Incredibly touching, wonderfully written, beautiful imagery. I loved this book. I had a little bit of a hard time for the first few sentences to get used to the poetic language. But once you listen to Patti's voice and see what she saw... It is a beautiful book, and I really want to share the audio version with others. I could not have loved this book as much without this narration.
Patti Smith sheds a non-judgemental light on an era of New York City when the art and music scenes seemed to be exploding. She crosses the paths of many luminaries (Harry Smith, Bob Dylan, Andy Warhol) while slowly finding her own way and becoming the admired singer, poet and artist many adore. This book is very humble, it is not about name-dropping, she is not trying to make her or her friends seem like rock/art royalty. This book is the tale of her often beautiful and enduring friendship with Robert Mapplethorpe and their respective urges to create.
This book is part personal memoir, part first-person-omniscient narrative. I loved everything about this piece, including Smith' New Jersey styled pronunciations. I hope she writes more.
Former English and drama major, bookaholic.
I just finished reading Just Kids and I have been touched. The story is fluid and full and the way that Patti Smith looks back on her life, her values changing over time, her art but mostly the chronicle of her relationship with Robert Mapplethorpe is inspiring. What comes across is a wonderful poignant love story of a deep, deep friendship. You also get a completely different view of Patti Smith and Robert Mapplethorpe than what the press would have us believe. This is the part that touched and surprised me. I still gravitate almost instantly to fiction but this was a wonderful ride.
Patti Smith beautifully reminisces about her creative evolution as well as the evolution of her friendship with Robert Mapplethorpe. Both helped lay the foundation of New York culture in the arts and music of New York in the 70's and 80's. Two heroes of mine. They should be everyone's heroes if you care for arts and humanity.
Interesting relationship story
I liked it because it was real ... not that it was just about real people, real events, etc., but that the whole thing came across as authentic. It tells the one story about one person I didn't know (Patti), and one person I didn't really think highly off (Robert).
Patti is Patti. I found her narration to be monotonous, but I think she was the only one to tell the story.
No, not really.
Patti Smith gets it all wrong. Edgy rock and rollers are supposed to be narcissists and angry at the world. They’re supposed to resent their parents and childhood, and they’re supposed to see betrayal in all their relationships. They’re supposed to be heading toward some kind of nihilism, taking whatever gifts they might have along with them, consciously squandering their potential greatness behind love and self-destruction.
Instead, Smith actually likes the people she knows. She values her family and friends, and she sees a constant – if slightly moving – target in her art. She is after, always, some sense of poetry that isn’t absent from her America (because that would be easy) but is rather always present but almost over-looked. She believes there’s an audience for the difficult, and she believes there are reasons to find most people she meets interesting.
So, with that, her memoir is worth it just to get a glimpse of her. I’d class myself a B+ fan of her work. I love, very much, her “big” songs – “Because the Night,” “Frederick,” or “Dancing Barefoot,” – and I once spent a summer wearing out the grooves of one side of Horses, but I tire quickly of the more purely poetry cuts. I like some of her images, but find her work undisciplined. But never mind that; if you want a guide through the sometimes cruel, almost always too-cool-for-you world of the 1970s New York City art world, it’s hard to imagine a better guide. Certainly no one this inside it all could care as much about revealing it to the squares like us.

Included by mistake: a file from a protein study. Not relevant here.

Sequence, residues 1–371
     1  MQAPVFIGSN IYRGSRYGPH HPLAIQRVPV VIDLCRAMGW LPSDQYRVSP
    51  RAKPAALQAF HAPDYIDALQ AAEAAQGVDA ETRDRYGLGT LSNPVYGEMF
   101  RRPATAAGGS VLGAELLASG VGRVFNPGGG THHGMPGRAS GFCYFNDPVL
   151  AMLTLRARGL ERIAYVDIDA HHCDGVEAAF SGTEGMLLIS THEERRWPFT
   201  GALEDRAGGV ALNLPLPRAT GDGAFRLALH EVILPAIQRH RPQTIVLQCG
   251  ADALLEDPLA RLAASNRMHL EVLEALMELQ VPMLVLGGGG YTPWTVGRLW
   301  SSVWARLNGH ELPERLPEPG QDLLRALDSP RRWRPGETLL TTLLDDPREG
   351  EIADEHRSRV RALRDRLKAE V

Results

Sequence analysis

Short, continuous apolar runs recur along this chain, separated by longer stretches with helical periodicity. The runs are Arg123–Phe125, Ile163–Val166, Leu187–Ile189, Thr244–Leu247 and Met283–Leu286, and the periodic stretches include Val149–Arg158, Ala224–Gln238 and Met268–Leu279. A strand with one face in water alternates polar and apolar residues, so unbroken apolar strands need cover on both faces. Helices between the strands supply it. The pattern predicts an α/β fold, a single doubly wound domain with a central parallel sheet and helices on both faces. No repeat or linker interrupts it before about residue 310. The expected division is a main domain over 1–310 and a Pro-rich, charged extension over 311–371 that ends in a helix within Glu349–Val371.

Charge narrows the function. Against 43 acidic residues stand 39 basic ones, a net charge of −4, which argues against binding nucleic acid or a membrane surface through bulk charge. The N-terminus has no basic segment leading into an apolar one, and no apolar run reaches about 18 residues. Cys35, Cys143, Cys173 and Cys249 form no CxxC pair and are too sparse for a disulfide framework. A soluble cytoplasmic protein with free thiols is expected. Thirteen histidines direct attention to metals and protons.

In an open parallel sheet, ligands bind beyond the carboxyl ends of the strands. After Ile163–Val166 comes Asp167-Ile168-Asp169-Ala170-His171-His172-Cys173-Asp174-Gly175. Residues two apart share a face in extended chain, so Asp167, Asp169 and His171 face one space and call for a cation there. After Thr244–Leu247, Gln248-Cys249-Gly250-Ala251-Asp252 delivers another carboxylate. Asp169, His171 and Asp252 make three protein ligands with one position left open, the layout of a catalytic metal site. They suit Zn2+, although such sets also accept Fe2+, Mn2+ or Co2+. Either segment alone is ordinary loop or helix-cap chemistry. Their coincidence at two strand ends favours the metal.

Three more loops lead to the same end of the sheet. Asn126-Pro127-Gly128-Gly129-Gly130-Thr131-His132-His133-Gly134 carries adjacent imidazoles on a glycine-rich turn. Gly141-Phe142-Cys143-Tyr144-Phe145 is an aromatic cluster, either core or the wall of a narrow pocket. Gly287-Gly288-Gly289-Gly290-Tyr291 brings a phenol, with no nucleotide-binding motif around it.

But, of course, the heart of this memoir – which seems to me deserving of its National Book Award – is her relationship with Robert Mapplethorpe. It’s a strange story, sometimes magical, since she met him on the first day she landed in Brooklyn. I knew him as the famous chronicler of the homosexual underworld of his day, and I knew he’d died of AIDS, so part of me wanted to shout at her from the start, “Don’t fall in love with him – he’s gay even if he doesn’t know it yet.”
It’s a good thing she couldn’t hear me, though, because their relationship is so beautiful. They’re two “kids” who believe in one another, two talented people on the brink of discovering their art, and they discover it in one another before each does in him or herself. They go different ways, but they never stop loving each other. Sex is a curious after-thought in all this. Smith may sleep with half a dozen people, but so what? She chronicles the way she cares about Mapplethorpe, and the way he cares about her. I find him a lot less interesting than her, but he becomes interesting to me for the way he loves her so steadily. (I listened to Smith reading the audio version, and I came to love the way she’d imitate his drawn out, semi-exasperated way of saying her name, “Patttiiii…”)
There are a lot of other fascinating things that happen to Smith along the way. She gets picked up by Allen Ginsberg who thinks she’s just a pretty boy. She has an affair with Sam Shepard and the two casually write a play to kill the time. She takes up with a young Allan Lanier, a member of the just-becoming huge Blue Oyster Cult. And she and Lenny Kaye invent a new way to play rock and roll.
But through all that, the story that ties it together is her affection for Mapplethorpe, and the lens that makes it worthwhile is her own, deeply human one. The version I read includes an appendix with some excerpts of her poetry and songs in memory of Mapplethorpe – and there are moments in all of them to admire – but nothing we see from Smith rivals the simple and beautiful story she tells throughout this memoir.